April 4, 2020: Trump wins again. LOL.
First of all, no one knows if chloroquine will work or not.
But most agree that the CDC is not being a bit helpful by saying that we need to have "controlled" studies before recommending the use of chloroquine to treat Wuhan flu.
The CDC, no doubt, proposes a "controlled" study that will take about five years. And then another year for the scientific paper to be peer-reviewed before it is published.
The tail is truly wagging the dog.
From wiki, before we even get started:
Chloroquine was discovered in 1934 by Hans Andersag. It is on the World Health Organization's List of Essential Medicines, the safest and most effective medicines needed in a health system. It is available as a generic medication.
The wholesale cost in the developing world is about US$0.04. In the United States, it costs about US$5.30 per dose. [Why does that not surprise me?]Now, connecting the dots:
How does the Wuhan flu virus get into our cells in the first place? Via lysosomes.
Chloroquine is also a lysosomotropic agent, meaning it accumulates preferentially in the lysosomes of cells in the body.
The pKa for the quinoline nitrogen of chloroquine is 8.5, meaning it is about 10% deprotonated at physiological pH as calculated by the Henderson-Hasselbalch equation.
This decreases to about 0.2% at a lysosomal pH of 4.6. Because the deprotonated form is more membrane-permeable than the protonated form, a quantitative "trapping" of the compound in lysosomes results. (A quantitative treatment of this phenomenon involves the pKas of all nitrogens in the molecule; this treatment, however, suffices to show the principle.)
The lysosomotropic character of chloroquine is believed to account for much of its antimalarial activity; the drug concentrates in the acidic food vacuole of the parasite and interferes with essential processes. Its lysosomotropic properties further allow for its use for in vitro experiments pertaining to intracellular lipid related diseases, autophagy, and apoptosis.The Reader's Digest version:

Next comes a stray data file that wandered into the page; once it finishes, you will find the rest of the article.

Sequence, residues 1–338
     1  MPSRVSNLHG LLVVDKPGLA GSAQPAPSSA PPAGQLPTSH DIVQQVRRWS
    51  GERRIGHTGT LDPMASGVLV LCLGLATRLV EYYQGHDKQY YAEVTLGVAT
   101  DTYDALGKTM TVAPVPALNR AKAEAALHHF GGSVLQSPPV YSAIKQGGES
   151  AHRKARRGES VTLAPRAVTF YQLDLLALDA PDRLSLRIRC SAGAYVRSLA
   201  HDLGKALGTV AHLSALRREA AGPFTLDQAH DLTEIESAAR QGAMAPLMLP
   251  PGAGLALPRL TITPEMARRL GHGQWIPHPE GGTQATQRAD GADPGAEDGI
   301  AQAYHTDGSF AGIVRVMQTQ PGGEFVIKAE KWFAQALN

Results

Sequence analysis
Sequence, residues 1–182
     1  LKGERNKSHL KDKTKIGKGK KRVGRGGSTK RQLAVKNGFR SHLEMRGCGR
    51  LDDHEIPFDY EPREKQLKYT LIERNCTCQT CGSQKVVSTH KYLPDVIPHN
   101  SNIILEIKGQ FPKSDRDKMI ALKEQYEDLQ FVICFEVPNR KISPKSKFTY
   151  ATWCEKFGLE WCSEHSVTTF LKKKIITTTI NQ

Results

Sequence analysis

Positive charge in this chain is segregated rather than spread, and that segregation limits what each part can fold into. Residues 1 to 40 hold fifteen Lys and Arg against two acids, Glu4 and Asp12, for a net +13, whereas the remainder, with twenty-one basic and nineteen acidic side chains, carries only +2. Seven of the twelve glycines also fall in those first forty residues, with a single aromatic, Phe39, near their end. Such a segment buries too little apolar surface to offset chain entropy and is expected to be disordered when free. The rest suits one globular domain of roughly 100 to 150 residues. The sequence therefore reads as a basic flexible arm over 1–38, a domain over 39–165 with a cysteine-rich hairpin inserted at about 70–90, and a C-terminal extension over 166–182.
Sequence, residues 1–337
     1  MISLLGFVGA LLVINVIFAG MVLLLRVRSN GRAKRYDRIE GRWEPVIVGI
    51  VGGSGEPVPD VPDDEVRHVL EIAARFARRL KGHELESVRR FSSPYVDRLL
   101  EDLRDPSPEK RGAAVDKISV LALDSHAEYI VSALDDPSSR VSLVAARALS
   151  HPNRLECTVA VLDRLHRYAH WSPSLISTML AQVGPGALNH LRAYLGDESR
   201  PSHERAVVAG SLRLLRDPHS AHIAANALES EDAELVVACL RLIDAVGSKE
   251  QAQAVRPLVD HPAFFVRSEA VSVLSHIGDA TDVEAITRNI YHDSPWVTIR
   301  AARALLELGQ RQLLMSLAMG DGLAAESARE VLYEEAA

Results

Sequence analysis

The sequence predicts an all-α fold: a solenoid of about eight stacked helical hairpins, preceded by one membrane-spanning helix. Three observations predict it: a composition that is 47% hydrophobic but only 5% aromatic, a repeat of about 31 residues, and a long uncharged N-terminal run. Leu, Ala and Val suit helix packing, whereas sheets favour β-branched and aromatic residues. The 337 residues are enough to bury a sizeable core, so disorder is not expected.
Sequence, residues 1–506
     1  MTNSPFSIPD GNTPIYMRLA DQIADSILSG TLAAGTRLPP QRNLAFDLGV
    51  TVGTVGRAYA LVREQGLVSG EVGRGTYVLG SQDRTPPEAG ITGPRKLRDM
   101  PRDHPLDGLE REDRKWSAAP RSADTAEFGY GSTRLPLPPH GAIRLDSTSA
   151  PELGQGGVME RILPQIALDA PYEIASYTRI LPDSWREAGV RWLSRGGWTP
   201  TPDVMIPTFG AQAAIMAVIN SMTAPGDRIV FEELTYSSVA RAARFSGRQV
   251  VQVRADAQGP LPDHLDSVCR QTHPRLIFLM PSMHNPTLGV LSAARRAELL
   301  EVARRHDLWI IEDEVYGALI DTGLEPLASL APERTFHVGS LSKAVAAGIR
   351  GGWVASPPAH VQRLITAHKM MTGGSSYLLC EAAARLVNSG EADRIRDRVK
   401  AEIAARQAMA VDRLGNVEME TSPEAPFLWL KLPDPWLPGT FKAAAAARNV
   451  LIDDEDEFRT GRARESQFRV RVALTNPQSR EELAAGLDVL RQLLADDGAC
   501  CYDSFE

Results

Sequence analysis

The cells involved in the immune process in the human body preferentially take up the coronovirus via lysosomes -- sort of a Trojan horse virus if you will. Chloroquine preferentially degrades lysosomes from doing their job.How Fido hears this: "blah, blah, blah, horse, blah, blah, blah."
If this works, tell me again how denying a 4-cent-pill to humanity was the right response to a pandemic?
By the way, if this works, it will be interesting to see who first connected the dots. I find this absolutely intriguing.
It appears it's a bit like a drug used to treat cancer. It requires enough of the drug to stop the Wuhan flu virus / stop the cancer without harming the patient. In other words, for chloroquine to work, one must use it in doses that put humans very, very close to the margin of safety.
Blindness? Once again, back to wiki:
The risk of toxicity is low for individuals without complicating conditions during the first 5 years of treatment using less than 6.5 mg/kg/day of hydroxychloroquine or 3 mg/kg/day of chloroquine, and/or cumulative doses of less than 1000 gram and 460 gram (total dose), respectively.Again, I think we are talking about using chloroquine for a month or less. Again, an example of an article with a "sensational" headline that is not helpful at all. Not once does it say how safe this drug is and how it's been used for decades to treat malaria.
I had to recheck to see where the article was published. Bloomberg. Okay. Whatever.
See the CDC pdf regarding chloroquine: the only contraindication -- people with psoriasis should not take chloroquine. The CDC pdf says there is no time limit for taking the drugs -- it can be taken for years. In fact, the CDC pdf downplays all risks. It will be interesting how fast the CDC changes these recommendations and risk warnings.
Wow, this takes me back to my days in the US Air Force and deployments to countries where malaria was endemic. Wow, great memories. Seriously. What I liked best: military physicians and surgeons pushing the envelope when saving lives in a combat zone.